It’s new year. And we force ourselves to be happy. Nisa has made foundation using moisturizer and cinnamon. Somayeh makes lipstick and we use a burned rubber band as eyeliner.

Nisa makes up her face, and they see it on the cameras. The higher authorities are informed and she is punished: banned from visitation, work, and calls. It’s two minutes into the new year and Nisa is already crying. Makieh takes her hand: “Don't cry. So, your calls have been cut. Once Arif was not home and I was baking bread, and his brother saw me wearing lipstick. He poured boiling water on my chest. These people are all the same." Nisa cries harder.

The next night, the duty officer announces: "Everyone watch channel one! It’s Damascus Time.”

“Damascus time?” Elahe asks me. “Are we in Syria?"

“It’s the name of the movie.”

The movie is about ISIS. Sahba and all others are being beaten again. Even baby Fatima was beaten. Two days later, Sahba is reprimanded; according to the prison head, “Sahba and Zahra were eating food while the movie was on. This is evidence that they are members of ISIS and should not be with each other."

Sahba is crying because of the never-ending interrogations. I go to brush my teeth. A very young pregnant woman is leaving the toilets. A flood took place in the city outside that has made our sewage system collapse; the corridor is filled with water and we have to be extra-careful to avoid slipping. The pregnant woman is carrying a tray and dishes in one hand, with the other on her big belly, walking carefully.  We look into each other's eyes. She says: "He’s kicking. Our little son is kicking!"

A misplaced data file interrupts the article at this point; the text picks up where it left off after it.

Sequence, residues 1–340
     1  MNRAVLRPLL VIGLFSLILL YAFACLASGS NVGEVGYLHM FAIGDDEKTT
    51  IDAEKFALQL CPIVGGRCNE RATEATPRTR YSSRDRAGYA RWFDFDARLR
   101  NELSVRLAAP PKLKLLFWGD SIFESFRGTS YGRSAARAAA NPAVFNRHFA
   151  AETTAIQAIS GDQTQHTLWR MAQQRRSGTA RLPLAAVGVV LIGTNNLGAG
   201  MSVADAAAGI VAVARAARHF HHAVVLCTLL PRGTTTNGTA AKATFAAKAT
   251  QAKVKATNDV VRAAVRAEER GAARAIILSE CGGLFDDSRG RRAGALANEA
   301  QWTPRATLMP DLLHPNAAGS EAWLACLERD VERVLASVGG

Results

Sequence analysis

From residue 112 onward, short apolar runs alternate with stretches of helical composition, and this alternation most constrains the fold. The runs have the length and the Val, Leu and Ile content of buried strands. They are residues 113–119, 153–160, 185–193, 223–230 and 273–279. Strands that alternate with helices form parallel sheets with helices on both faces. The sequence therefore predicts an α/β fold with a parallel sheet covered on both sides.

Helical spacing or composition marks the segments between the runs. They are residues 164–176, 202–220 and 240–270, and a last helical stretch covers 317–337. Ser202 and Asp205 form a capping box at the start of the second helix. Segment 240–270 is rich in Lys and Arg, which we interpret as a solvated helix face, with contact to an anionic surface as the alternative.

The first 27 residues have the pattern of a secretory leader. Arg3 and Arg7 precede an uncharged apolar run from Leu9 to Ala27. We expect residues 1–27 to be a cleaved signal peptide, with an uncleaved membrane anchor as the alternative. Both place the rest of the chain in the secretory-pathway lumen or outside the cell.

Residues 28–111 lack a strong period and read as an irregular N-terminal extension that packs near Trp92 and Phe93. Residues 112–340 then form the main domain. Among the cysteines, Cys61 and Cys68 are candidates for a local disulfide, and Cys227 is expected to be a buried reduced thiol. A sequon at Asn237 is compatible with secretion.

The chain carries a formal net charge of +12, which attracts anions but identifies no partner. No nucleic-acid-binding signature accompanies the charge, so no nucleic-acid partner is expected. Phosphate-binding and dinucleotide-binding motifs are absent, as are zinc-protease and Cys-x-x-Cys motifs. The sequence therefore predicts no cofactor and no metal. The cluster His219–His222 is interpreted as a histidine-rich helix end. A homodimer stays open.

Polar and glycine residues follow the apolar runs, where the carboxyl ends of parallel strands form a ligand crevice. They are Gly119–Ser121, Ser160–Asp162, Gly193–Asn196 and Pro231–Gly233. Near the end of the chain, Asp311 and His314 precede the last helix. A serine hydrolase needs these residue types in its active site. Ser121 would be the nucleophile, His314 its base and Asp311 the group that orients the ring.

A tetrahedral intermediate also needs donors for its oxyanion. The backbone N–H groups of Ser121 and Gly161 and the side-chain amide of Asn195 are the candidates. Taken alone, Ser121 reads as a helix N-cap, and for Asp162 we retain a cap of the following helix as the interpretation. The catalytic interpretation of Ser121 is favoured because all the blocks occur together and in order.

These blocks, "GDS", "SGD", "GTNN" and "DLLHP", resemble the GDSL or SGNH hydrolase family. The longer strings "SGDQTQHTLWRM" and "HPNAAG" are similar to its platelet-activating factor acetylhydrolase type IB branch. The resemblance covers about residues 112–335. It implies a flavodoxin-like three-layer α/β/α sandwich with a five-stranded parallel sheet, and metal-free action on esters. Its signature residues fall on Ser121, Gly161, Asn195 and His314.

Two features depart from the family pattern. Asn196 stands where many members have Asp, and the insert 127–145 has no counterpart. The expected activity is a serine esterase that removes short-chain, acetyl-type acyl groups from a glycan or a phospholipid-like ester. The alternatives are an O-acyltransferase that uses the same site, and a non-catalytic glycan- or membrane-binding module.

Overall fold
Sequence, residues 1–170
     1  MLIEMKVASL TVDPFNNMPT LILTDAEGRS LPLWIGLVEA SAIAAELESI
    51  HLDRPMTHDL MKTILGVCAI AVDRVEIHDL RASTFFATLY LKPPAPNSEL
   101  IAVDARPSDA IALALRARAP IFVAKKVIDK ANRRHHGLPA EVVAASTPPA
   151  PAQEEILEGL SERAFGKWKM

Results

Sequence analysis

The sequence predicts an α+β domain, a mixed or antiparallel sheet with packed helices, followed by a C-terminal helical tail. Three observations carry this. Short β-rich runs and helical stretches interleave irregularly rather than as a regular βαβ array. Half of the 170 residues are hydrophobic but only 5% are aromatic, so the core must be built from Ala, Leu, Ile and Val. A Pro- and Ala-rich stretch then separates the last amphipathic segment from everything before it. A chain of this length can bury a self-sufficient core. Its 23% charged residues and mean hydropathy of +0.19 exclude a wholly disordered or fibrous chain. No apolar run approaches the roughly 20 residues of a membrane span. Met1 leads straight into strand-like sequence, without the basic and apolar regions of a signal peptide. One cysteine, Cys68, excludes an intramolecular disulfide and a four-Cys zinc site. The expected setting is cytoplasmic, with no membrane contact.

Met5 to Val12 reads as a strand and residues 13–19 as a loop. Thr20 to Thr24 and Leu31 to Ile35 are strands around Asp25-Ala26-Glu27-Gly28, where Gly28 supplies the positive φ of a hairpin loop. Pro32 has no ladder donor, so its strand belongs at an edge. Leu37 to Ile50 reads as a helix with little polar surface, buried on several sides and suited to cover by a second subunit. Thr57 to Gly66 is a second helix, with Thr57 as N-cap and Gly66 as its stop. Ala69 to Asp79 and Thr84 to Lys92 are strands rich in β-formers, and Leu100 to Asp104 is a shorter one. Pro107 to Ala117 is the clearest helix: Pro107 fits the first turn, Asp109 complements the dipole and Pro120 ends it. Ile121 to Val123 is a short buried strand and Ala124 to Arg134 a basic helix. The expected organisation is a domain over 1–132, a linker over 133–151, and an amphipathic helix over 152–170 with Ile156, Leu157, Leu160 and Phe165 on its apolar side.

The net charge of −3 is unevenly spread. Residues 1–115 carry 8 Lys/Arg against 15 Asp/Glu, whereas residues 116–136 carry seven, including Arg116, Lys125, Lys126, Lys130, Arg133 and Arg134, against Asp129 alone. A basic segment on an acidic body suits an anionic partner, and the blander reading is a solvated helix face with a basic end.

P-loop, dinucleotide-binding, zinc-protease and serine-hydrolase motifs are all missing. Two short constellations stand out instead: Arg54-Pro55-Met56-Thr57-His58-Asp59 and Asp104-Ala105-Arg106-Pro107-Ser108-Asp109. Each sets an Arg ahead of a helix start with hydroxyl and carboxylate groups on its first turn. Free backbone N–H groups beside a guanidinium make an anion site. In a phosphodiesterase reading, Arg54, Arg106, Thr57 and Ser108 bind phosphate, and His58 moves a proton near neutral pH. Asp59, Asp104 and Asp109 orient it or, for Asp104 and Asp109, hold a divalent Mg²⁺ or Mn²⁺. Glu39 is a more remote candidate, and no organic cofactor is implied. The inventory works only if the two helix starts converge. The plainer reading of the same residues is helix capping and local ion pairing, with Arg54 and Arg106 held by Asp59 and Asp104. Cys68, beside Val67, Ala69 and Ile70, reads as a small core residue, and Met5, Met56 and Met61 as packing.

Amid this torment and darkness, I, Elahe, Somayeh, Makieh, and the others have to celebrate these small, happy moments. We need to read poems and tell stories so we don't break.

When Ibrahim is born, the guards name him Ali. They force us to cling onto the happy moments, memorize the details and carry them with us to different cities and different prisons. We connect them with strings and paint the pictures of the young mothers on paper.

My son Ibrahim, who doesn't have a birth certificate. We will sing "Eyes, ears, nose and mouth" and draw your mother's face onto Khuzestan's bloodied body.

Now that the picture of your 19-year-old mother is drawn, Khuzestan will make the others understand the meaning of not being, of being invisible and faceless. Your mother is rather petite and has big hazel eyes.

I’ll tell everyone about what is happening here! I’ll talk about you, born in the warzone, the place of blood and goodbyes, Sepidar, and I’ll talk about how your name was changed to Ali. You take after your father. Your mother has an olive branch within herself, and wears black.

We have lost Elahe Darvishi. We lost her among the names. Her face will be painted in hopes of finding her. 

She was strangely cute and rebellious. She loved painting and cooking. She was a rather short, white-skinned woman with big hazel eyes, who drew on the soil and breastfed her baby under bullets and rockets, and yet laughed loudly. She was forced to grow up a year when her Ibrahim, who was forced to be called Ali was born. She turned 19. While she was 18 she had paved the corridors of death with a child in her belly.  She was the goddess who mourned for youth and life.

She fed her baby and laughed aloud. Her laugh was different from Sakineh's.

Sakineh’s front teeth protrude a little bit. Her laugh is carefree. Sakineh is 33 – and without a birth certificate, you know, Fatima is too. We depict Sakineh with her Arabic scarf: the same one they made her wear for the forced confession. They told her, “After we record this film, you can leave with your daughter.” Hence, after this film, Sakineh's laughter stopped forever. Hello, Sakineh, who wears an Arabic scarf and chador, carrying Fatima with a long, laugh-less face.

The last time I see her, she gives me a bite of Fatima's share of food: "Eat. You’re very young. You need to be strong."

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Sepideh Gholian's Prison Diaries, Chapter Seventeen: The Queue

July 18, 2020
Sepideh Gholian
1 min read
Sepideh Gholian's Prison Diaries, Chapter Seventeen: The Queue